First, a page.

Pooches ply Potterfield

September 27, 2004|by SCOTT BUTKI

HAGERSTOWN - The doggy paddle was the swimming stroke of choice Sunday during Claude M. Potterfield Pool's Pooch Plunge, during which dogs were allowed into the water.

Whether all of the approximately 40 dogs brought to the pool wanted to stay in the water was another matter entirely, as some dog owners soon found out.

Seemingly everywhere around the pool during the three-hour event were dogs - some wet, some dry and some shaking the water off, getting those nearby a bit more wet.


Some dogs played fetch and swam with great energy, while others held onto poles to try to avoid getting in the pool.

Joanne Physioc of Hagerstown was one of the first in the pool, getting in the shallow end shortly after the 1 p.m. event started.

Physioc was holding Elle, a 5-year-old mixed breed who she said had never been in a pool.

"You are supposed to get in the pool," Physioc told her. But Elle was apparently not interested in obeying that request.

Perhaps Elle would change her mind after watching Lucy, a 6-year-old mixed breed who enjoys swimming in the pool, Physioc said.

Perhaps not, Physioc said she later concluded, after Elle still had little interest in getting in the water regardless of how much fun Lucy was having in the pool. Lucy is owned by Physioc's daughter, Polly Physioc.

John Budesky, Hagerstown's director of administrative services, said other municipalities hold a Pooch Plunge at the end of the pool season.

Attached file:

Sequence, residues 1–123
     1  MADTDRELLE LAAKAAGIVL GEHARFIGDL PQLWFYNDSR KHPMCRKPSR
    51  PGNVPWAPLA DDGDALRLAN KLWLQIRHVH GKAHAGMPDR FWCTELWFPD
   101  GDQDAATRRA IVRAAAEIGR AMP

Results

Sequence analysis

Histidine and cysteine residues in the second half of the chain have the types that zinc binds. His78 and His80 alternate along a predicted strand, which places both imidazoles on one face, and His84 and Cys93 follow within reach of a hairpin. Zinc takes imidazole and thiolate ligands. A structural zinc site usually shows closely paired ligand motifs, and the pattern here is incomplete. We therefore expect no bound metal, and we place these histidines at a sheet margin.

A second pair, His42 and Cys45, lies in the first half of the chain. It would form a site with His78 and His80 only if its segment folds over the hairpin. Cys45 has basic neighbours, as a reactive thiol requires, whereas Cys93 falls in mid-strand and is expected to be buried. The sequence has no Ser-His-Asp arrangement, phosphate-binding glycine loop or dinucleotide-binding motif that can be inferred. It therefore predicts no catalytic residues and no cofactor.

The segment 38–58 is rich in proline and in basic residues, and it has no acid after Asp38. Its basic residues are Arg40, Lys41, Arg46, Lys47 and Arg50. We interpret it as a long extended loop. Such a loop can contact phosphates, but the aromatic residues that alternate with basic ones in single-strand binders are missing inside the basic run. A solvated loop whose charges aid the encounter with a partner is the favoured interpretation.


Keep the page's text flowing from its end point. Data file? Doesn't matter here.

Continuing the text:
Budesky said he consulted with Paul Miller, executive director of the Humane Society of Washington County, who thought it was a great idea.

Since they just firmed up plans for the event in recent weeks, Budesky said he would have been pleased if 10 people came.

More than 100 people came to the Hagerstown pool Sunday, leading Budesky to talk about making it an annual event, always held after the pool closes for the season, he said.

While Lexi, a 120-pound Great Dane, was one of the biggest dogs at the pool, he was also not enthusiastic about getting in the pool, said his owner, Laura Reamy.

Instead, Montgomery, a 140-pound Great Dane, played in the pool while Lexi waited for him, Reamy said.

As with many of the other dog owners interviewed, Reamy said she likes taking her pets to local events and was pleased to be able to take her dogs to the pool.

At his wife's suggestion, James Kline came with his dog, Leather, an 11-year-old black Labrador.

Since Kline had been out of town recently, she told him, "'You need to bond with your baby,'" he said.

So he did. Together he and Leather happily sat on the ramp of the shallow end.

"I think this is the greatest event," Kline said. "It is super to let all the dogs mix together."

He also liked the fact that profits from the event went to the Humane Society, he said.

On the other side of the pool, closer to the deep end, Brad Yeakle was playing fetch with Maddy, his 3-year-old black Labrador, who jumped into the water to retrieve a floating canvas object.

"It is great. It gives people a chance to swim with their dogs," Yeakle said.

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